"I'm quite embarrassed of that whole record," he laughs. "I find it to be sloppy songwriting and really mediocre production."
He prefers to think of his next release, 2013's Raat Raazi, as his "first serious release". Sung in Hindi, it highlights his finger-picked guitar style and intimate, boy-next-door vocals.
But it was advice from music industry legend Jeff Bhasker that really helped him hone his writing. The producer - who has worked with Kanye West, Taylor Swift, Rihanna and Madonna - heard Kuhad's music while delivering a masterclass in India, and told him he needed more "melodic movement" in his songs.
"That really got me thinking," says the singer, "because I never really put a lot of effort into melodies.
"Like, I'm consciously thinking about the words - deleting and reworking and keeping a track of them - but with melody I'm more instinctive, I don't think about it too much.
"So now I've reached more of a middle ground. Sometimes I let the melody flow, but other times I'll take a step back and judge it, which is not something I did before. So I found that feedback quite helpful, quite insightful."
You can hear the impact of that advice on the cold/mess EP. The rise and fall of his melodies tell stories of love, angst and conflict, even if you aren't paying attention to evocative lyrics like: "We grow old with these folds of time / Mould each other into perfect wine".
Released in 2018, the EP debuted at number one in India, and Kuhad became one of the country's most-streamed artists when Spotify launched there last year.
The title track's popularity only increased when Kuhad released a cinematic video, starring actors Jim Sarbh and Zoya Hussain, that captures the raw, emotional ups and downs of a relationship.
Like the song itself, it challenged the status quo of India's music industry.
"Most music videos you see in Bollywood, they're just more dramatic," says Kuhad. "There's a lot of colour and big sets and everything is loud. But cold/mess ended up being completely different. The characters were super-real, nobody was dressed weirdly, the shots felt like real life in Bombay.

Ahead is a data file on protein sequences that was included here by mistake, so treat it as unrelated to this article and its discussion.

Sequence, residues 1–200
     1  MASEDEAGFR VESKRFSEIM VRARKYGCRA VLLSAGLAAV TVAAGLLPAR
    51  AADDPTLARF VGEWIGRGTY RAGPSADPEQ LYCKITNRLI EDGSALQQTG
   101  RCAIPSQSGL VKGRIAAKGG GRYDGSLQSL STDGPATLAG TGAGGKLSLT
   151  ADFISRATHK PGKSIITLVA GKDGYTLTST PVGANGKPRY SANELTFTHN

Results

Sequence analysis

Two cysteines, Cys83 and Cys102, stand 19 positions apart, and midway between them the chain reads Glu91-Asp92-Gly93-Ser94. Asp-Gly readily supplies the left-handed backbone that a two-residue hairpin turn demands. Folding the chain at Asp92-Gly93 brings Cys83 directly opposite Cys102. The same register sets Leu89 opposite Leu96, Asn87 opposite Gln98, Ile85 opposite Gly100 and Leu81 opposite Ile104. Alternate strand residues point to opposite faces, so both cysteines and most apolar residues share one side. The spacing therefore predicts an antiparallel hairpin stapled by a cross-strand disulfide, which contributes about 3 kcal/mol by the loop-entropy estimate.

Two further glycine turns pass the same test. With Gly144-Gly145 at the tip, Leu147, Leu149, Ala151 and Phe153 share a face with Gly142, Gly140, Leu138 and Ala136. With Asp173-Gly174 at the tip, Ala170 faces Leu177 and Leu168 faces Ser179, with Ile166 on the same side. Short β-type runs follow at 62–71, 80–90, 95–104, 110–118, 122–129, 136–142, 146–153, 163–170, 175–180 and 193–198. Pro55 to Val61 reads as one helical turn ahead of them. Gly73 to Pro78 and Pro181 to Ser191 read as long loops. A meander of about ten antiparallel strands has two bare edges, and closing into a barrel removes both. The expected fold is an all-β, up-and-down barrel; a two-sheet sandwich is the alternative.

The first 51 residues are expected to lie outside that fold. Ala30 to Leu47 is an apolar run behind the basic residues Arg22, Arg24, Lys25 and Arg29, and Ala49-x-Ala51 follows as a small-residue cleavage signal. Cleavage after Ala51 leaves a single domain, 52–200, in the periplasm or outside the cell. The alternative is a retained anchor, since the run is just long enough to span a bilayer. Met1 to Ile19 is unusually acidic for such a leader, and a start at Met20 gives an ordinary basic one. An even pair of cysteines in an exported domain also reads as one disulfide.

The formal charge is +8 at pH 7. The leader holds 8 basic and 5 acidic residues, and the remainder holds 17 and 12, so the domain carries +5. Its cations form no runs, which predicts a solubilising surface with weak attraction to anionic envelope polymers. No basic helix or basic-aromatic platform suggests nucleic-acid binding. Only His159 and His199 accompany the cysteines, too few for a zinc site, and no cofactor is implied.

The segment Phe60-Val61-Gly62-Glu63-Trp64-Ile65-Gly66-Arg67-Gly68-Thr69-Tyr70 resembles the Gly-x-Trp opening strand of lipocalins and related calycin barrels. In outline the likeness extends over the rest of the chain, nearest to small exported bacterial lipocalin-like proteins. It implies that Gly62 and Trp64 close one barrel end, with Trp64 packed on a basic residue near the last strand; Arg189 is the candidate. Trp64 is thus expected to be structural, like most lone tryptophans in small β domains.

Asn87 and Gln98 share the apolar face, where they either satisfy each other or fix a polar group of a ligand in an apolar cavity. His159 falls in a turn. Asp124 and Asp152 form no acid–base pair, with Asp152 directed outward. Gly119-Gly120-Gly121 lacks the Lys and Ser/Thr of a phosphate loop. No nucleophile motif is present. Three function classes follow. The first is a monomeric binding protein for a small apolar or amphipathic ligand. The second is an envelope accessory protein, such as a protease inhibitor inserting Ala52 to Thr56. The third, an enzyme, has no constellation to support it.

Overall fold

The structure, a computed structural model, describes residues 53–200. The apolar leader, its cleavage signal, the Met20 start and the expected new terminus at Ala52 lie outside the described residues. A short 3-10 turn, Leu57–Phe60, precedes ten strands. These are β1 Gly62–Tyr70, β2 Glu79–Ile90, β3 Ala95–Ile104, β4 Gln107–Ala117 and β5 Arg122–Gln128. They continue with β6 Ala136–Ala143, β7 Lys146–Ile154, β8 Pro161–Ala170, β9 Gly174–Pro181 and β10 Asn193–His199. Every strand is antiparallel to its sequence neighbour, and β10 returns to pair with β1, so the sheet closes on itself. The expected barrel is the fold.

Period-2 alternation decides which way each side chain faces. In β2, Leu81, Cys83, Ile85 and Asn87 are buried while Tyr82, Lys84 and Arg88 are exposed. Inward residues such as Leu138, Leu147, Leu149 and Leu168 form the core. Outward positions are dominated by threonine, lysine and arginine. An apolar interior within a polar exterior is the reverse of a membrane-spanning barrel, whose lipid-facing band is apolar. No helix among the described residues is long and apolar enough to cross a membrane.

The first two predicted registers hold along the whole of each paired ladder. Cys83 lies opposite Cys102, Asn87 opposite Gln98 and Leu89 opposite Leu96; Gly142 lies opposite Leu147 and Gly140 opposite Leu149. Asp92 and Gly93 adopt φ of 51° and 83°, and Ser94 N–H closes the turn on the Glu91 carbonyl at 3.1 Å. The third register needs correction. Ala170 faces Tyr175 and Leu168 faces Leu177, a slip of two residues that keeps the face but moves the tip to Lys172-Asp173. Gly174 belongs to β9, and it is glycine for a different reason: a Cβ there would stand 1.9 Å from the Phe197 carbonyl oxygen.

"The moment it came out, there was a huge response in my live shows."
But while the EP made Kuhad a household name in his home country, there was a sense of frustration that it didn't travel more widely.
"A lot of us felt that cold/mess didn't get its due, especially internationally," he says, which is why the singer-songwriter has signed a deal with US label Elektra Records to re-release the EP this winter. "To lay the groundwork for the next album that's coming out."
Work has already begun on that record. Kuhad, who speaks to the BBC from the home studio where he records all his demos, has "shortlisted 20 or 30 songs" (and an equal number of album titles) in preparation for a full-length project next year.
In the meantime, he's already had another viral hit in India with Kasoor, a sweet, romantic ballad, whose video was streamed eight million times in just 24 hours.
The clip sees dozens of Kuhad's fans reading and reacting to a series of statements - "Think about your first love" or "Think of someone you're missing right now" - while filming themselves on their phones.
It feels like a prototypical lockdown video, but the singer says it was planned and conceived almost a year ago.
"So many people have done crowd-sourcing videos," he says, "but Kasoor really shone because there was a lot of attention to detail.
"About 500 people sent in reaction videos, and my director went through every single one of them, finding every emotion in every single frame. It was a maniacal editing job."
The laughter and tears perfectly complement the delicate humanity of the song - which feels like another calling card for Kuhad's burgeoning international career. But does he have a favourite?
"Yes!" he smiles. "My favourite is this one where there's a couple and the question is, 'When was your last kiss?' and the couple just kisses right there. That's super-cute."
The cold/mess EP is out now.